Gila Padernilla 88 298.
(photo credit: Atira Winchester)
Gila Padernilla, 46, attributes her long-standing love for Judaism to her Seventh Day Adventist grandmother. "She taught me the Old Testament as a child, kept some form of Shabbat," says Padernilla, and refrained from eating pork.
After putting her passion for Judaism on a back burner for two decades, Padernilla's love was reawakened and she decided to convert when she was 33. The decision triggered the beginning of her relationship with Israel. Thirteen years later, Padernilla, who was a certified public accountant in the Philippines, has become an Israeli Jew - "Finally, thanks to God," she says, beaming.
The last of 10 children, Padernilla was born to Catholic parents in the small town of Passi in the Philippines. She married at the age of 18, and gave birth to her son, Edward Paul, at 20. Soon after, she separated from her husband. Since the Philippines is a Catholic country, divorce wasn't an option. Padernilla waited seven years to annul her marriage formally. Meanwhile, she set up her accountancy business, became a tax inspector and taught in the evenings at the local university.
"I wanted to be independent, I didn't ask anyone for money," she says.
In 1993, while living in the city of Iloilo, she met Rabbi Haim Talmid, rabbi of the 1,000-strong Orthodox synagogue in Manila, through a friend who knew she was interested in Judaism. He started teaching her about the religion and encouraged her to convert, "but you can't convert in the Philippines," says Padernilla, "There's no Beit Din [rabbinical court]."
Together with Talmud, Padernilla started to plan her move to Israel. Even though she only wanted to move to Israel in order to convert, her entrance was contingent on a two-year work visa. "Thank God," she says, "within a month I got a visa."
She left her 12-year-old son at home with her niece.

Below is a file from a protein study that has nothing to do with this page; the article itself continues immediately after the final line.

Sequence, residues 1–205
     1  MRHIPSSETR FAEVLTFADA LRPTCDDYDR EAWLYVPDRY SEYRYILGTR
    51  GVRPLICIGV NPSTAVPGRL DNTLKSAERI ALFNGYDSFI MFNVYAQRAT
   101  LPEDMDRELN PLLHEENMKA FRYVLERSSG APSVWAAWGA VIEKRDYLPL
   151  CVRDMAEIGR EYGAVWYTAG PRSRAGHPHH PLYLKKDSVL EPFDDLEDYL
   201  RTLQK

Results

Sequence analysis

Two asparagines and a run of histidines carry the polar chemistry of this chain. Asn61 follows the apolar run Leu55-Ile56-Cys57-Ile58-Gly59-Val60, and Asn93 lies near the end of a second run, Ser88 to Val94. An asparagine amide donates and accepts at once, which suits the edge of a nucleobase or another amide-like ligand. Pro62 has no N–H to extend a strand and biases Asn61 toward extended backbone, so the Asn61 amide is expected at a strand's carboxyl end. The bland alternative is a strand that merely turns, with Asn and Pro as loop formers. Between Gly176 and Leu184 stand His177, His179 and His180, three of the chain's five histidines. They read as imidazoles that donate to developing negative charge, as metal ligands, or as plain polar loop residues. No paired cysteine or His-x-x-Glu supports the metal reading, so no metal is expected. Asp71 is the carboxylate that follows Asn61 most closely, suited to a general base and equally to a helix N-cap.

Padernilla - then called Feustina Padernilla - received a work visa through a care-giving agency. She was assigned to a woman who needed 24 hour care, an arrangement that left Padernilla little time to invest in her conversion studies. In 1994 the woman died, leaving Padernilla both unemployed and an illegal alien.
Between 1994-2005 Padernilla was forced by the Israeli authorities to go back to the Philippines a number of times before her last, successful entry in 2005. Each time her visa ran out or she couldn't find employment she was deported. Even in October 2005 her return was fraught with complications: she was placed in a detention center for five days before her case was cleared.
"Everyone helped bail me out," she says, naming rabbis, among them Rabbi Moshe Klein, deputy head of the Conversion Authority, friends from all streams of Judaism and an Israeli lawyer who supported and sponsored her. "They made sure I came back and made it."
After over 13 years of on-off studying and residency in Israel, Padernilla was finally converted in February 2006 by Israel's Conversion Authority. She officially made aliya in May 2006 and receives a full basket of immigrant benefits.
Her name was chosen together with one of the families who took her under their wing. "They had a son, Gili, who died when he was five. They asked me to take on his name." Padernilla also liked the meaning of the name - joy.